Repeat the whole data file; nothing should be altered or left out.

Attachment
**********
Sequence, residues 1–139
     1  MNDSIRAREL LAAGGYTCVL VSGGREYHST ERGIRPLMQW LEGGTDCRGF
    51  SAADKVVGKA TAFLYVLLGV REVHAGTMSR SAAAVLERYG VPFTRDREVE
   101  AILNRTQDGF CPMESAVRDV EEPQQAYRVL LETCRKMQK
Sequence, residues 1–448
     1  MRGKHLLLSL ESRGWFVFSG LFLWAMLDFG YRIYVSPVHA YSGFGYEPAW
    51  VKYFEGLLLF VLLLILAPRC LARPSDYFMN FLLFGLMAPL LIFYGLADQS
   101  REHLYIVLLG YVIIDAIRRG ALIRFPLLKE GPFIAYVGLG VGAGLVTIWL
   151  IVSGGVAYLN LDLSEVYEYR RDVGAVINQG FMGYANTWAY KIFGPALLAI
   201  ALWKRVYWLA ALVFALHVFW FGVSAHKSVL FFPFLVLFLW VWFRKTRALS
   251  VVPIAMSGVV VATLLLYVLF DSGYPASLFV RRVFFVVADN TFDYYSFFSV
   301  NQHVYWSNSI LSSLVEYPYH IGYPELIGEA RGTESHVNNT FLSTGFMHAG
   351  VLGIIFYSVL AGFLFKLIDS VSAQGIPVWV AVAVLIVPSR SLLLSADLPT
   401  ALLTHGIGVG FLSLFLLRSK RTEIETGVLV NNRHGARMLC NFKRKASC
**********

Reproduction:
Sequence, residues 1–139
     1  MNDSIRAREL LAAGGYTCVL VSGGREYHST ERGIRPLMQW LEGGTDCRGF
    51  SAADKVVGKA TAFLYVLLGV REVHAGTMSR SAAAVLERYG VPFTRDREVE
   101  AILNRTQDGF CPMESAVRDV EEPQQAYRVL LETCRKMQK
Sequence, residues 1–448
     1  MRGKHLLLSL ESRGWFVFSG LFLWAMLDFG YRIYVSPVHA YSGFGYEPAW
    51  VKYFEGLLLF VLLLILAPRC LARPSDYFMN FLLFGLMAPL LIFYGLADQS
   101  REHLYIVLLG YVIIDAIRRG ALIRFPLLKE GPFIAYVGLG VGAGLVTIWL
   151  IVSGGVAYLN LDLSEVYEYR RDVGAVINQG FMGYANTWAY KIFGPALLAI
   201  ALWKRVYWLA ALVFALHVFW FGVSAHKSVL FFPFLVLFLW VWFRKTRALS
   251  VVPIAMSGVV VATLLLYVLF DSGYPASLFV RRVFFVVADN TFDYYSFFSV
   301  NQHVYWSNSI LSSLVEYPYH IGYPELIGEA RGTESHVNNT FLSTGFMHAG
   351  VLGIIFYSVL AGFLFKLIDS VSAQGIPVWV AVAVLIVPSR SLLLSADLPT
   401  ALLTHGIGVG FLSLFLLRSK RTEIETGVLV NNRHGARMLC NFKRKASC